Terminating employment due to frustration of contract-by the employee?


#1

I know that an employer after a period of time can use frustration of contract as a reason to terminate employment.

Can an employee who has no reasonable chance of recovery after a period of time terminate his or her employment due to frustration of contract? That would end common law notice liability but still keep intact statutory pay.??

If you have been off on LTD for years and no contact with employer, but the employer is not going to terminate due to statutory pay obligations–could an employee not take the first move?

Anyone’s thoughts?


#2

Is that severance?
If you quit you don’t get severance and you would be quitting the job.


#3

Where an employment contract is frustrated, the employee is not owed common law notice or pay in lieu of notice.

However, if frustration is the result of an injury or illness, the employer does owe the employee their minimum termination and severance entitlements as per the Canada Labour Code or under Provincial Employment Codes…depending on which governs.

So if an employer knows an employee has no chance of returning to employment but does not terminate the employment…can an employee end the employment contract due to frustration. That is not quitting, but stating the obvious. Then could it not be argued that the notice pay is owed?


#4

Interesting.
Maybe the longer a person worked (higher severance) the less chance an employer would want to fire the person.
I would get a low severance and the extended health insurance is useful to me so I wouldh’t initiate it.
I understand why a severance would be useful to some people (plus the company might not be around later to pay severance).
I would like to hear what @David_Brannen thinks. :slight_smile:


#5

What’s good for the goose is good for the gander…is that how the saying goes? The employer and employee have reciprocal duties to give each other notice of termination or resignation. Assuming no collective agreement involved, then the notice period (for resignation by employee or termination by employer) is governed by both common law and provincial employment standards acts. So, just as employers cannot rely on the bare minimum notice periods in employment standards acts, neither can the employee. Believe it or not employers can sue an employee for not giving enough notice of resignation, and the court have ordered employees to to pay damages to the employer for lack of reasonable notice of resignation! This is very rare as employers almost never bother to do this, but legally they could.

So in regards to this question, your could give notice of resignation, but you wouldn’t trigger any right to be paid statutory severance pay, that can only happen if your employment is being terminated by the employer.


David Brannen

Disability Lawyer with Resolute Legal

The response posted above is based on the limited factual information made available and is not intended as a full and complete response to the question. The only reliable manner to obtain complete and adequate legal advice is to consult with a lawyer, fully explain your situation, and allow the lawyer enough time to research the applicable law and facts required to give an adequate opinion. The basic information provided above is intended as a public service only, a full one-on-one discussion with a lawyer should be done before taking any any action. The information posted on this forum is available to the viewing public and is not intended to create a lawyer client relationship with any person. If you want one-on-one advice, please click here to request a free consultation or call toll free 1-877-282-5188 to speak with a member with our disability claim support team.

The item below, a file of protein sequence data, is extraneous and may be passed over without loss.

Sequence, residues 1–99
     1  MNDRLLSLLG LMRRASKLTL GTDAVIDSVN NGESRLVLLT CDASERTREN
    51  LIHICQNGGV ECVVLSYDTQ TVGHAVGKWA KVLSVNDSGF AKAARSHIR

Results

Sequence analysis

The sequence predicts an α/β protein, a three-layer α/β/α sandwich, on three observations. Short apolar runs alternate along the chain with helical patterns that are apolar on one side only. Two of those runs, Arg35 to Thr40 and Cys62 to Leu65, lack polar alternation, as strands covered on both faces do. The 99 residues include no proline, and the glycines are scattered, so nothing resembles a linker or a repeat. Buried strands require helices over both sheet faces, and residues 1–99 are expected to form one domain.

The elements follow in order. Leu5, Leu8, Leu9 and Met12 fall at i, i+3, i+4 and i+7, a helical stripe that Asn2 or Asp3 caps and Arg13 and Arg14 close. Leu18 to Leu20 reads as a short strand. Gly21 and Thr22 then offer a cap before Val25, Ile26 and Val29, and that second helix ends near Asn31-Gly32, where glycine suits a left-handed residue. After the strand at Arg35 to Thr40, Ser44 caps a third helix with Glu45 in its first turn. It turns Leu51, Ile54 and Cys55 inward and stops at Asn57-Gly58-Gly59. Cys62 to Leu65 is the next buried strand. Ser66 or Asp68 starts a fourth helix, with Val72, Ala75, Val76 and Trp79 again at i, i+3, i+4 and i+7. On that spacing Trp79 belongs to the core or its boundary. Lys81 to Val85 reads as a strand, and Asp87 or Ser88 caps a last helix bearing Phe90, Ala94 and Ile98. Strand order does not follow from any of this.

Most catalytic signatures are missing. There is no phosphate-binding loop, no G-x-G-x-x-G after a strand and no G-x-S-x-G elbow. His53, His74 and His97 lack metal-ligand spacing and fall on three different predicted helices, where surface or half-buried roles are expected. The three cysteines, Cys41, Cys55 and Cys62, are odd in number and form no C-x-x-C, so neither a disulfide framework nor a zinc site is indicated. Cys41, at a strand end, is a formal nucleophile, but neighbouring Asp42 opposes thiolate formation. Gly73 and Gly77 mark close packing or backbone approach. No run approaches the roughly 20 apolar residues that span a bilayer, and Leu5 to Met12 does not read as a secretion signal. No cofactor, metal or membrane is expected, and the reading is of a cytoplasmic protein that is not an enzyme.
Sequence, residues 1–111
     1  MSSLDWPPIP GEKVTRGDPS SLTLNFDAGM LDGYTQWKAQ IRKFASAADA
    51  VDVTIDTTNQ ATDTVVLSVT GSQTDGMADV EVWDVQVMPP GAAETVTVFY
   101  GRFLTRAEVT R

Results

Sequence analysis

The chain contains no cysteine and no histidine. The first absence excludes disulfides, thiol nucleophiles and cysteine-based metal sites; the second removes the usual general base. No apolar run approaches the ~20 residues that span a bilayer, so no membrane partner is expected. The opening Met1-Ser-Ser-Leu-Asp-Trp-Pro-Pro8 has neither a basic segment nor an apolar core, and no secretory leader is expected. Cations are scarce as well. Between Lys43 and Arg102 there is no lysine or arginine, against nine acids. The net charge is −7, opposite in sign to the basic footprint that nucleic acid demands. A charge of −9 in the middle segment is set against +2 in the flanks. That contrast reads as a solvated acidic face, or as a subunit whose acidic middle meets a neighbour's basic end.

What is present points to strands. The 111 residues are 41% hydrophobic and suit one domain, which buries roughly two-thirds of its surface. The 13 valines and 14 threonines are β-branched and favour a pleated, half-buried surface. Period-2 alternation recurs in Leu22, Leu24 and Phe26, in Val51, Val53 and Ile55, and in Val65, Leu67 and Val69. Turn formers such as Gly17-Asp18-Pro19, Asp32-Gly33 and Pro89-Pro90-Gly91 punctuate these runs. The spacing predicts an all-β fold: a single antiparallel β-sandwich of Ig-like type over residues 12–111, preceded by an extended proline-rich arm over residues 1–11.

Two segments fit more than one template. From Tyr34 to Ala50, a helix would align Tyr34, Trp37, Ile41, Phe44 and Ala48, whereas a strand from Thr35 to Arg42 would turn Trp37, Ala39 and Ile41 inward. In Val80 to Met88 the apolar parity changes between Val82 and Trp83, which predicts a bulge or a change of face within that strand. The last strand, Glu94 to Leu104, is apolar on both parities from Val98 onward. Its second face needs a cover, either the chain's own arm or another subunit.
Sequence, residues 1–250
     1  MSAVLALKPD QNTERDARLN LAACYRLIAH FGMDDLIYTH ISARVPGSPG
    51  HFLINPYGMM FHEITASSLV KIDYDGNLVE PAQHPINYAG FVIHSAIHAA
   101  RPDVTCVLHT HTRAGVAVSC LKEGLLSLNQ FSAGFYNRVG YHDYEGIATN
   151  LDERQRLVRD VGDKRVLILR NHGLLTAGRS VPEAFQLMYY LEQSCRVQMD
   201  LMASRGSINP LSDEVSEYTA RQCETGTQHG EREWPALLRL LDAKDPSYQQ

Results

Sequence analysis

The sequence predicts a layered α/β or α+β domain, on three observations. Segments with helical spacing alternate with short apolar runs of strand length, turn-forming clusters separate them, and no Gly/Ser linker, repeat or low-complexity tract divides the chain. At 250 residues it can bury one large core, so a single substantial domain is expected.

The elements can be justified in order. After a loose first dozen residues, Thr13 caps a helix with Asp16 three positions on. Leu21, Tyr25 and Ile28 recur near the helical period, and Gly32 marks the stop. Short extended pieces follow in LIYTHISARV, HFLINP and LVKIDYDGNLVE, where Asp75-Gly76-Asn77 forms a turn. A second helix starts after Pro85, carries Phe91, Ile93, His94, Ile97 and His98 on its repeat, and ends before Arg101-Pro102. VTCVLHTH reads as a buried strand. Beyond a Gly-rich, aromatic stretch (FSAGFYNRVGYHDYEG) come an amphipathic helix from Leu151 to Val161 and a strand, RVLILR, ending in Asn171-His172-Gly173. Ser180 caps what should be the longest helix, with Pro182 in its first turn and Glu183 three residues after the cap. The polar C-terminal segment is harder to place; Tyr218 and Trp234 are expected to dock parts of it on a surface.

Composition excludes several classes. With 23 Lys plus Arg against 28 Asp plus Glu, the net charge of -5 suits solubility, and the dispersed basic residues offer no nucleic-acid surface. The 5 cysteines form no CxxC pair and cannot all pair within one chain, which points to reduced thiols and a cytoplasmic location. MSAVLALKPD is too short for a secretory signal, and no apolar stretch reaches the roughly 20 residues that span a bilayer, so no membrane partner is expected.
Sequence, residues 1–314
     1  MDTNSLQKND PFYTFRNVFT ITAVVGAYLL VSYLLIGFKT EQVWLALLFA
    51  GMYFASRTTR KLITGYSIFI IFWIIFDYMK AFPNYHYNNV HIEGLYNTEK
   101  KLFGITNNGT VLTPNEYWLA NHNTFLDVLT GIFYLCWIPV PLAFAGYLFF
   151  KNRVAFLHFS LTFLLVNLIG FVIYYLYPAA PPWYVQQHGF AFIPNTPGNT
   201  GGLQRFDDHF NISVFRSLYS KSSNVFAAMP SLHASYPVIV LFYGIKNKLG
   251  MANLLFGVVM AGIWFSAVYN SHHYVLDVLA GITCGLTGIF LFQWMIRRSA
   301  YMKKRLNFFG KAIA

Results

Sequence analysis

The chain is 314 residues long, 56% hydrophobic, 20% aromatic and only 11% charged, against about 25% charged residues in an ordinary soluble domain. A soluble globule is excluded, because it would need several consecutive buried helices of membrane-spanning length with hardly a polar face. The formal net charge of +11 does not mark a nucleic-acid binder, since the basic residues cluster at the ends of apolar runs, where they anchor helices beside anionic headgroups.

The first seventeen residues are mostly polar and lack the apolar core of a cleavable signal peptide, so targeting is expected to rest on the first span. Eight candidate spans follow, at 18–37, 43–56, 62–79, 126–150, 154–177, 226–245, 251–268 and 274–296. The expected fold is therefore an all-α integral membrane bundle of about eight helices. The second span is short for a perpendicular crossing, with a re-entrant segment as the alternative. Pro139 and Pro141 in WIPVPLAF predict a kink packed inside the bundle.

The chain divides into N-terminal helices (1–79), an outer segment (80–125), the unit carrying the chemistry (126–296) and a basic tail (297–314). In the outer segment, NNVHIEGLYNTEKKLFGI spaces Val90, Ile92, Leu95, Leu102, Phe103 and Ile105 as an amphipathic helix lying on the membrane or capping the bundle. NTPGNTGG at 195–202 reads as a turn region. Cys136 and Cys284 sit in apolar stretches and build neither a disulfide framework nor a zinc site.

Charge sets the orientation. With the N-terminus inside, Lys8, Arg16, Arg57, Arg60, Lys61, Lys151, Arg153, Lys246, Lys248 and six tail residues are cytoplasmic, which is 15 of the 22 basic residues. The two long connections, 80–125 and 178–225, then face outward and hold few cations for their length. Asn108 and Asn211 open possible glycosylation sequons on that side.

#6

I was on LTD for 2.5 years when insurance co. cut me off. Employer put me on unpaid LOA. A year later while still in litigation with the Insurer my Employer terminated my employment under “frustration of contract”. My years of service was 36 years. I did not receive notice or severance. I don’t understand how they can terminate under that cause when I’m on an unpaid leave. They even stated the termination was because I was medically unable to return. I’m in Alberta but I’m not sure if I can do anything about it…

I definitely wouldn’t think an employee can resign under frustration of contract or if you did it would be considered a resignation which means you terminated the contract and so there’s no severance.


#7

The laws are slightly different from province to province, but generally speaking are pretty much the same. See this article where I discuss the issue of frustration of contract and when there is a right to severance.

This article speaks to non-union situations.


David Brannen

Disability Lawyer with Resolute Legal

The response posted above is based on the limited factual information made available and is not intended as a full and complete response to the question. The only reliable manner to obtain complete and adequate legal advice is to consult with a lawyer, fully explain your situation, and allow the lawyer enough time to research the applicable law and facts required to give an adequate opinion. The basic information provided above is intended as a public service only, a full one-on-one discussion with a lawyer should be done before taking any any action. The information posted on this forum is available to the viewing public and is not intended to create a lawyer client relationship with any person. If you want one-on-one advice, please click here to request a free consultation or call toll free 1-877-282-5188 to speak with a member with our disability claim support team.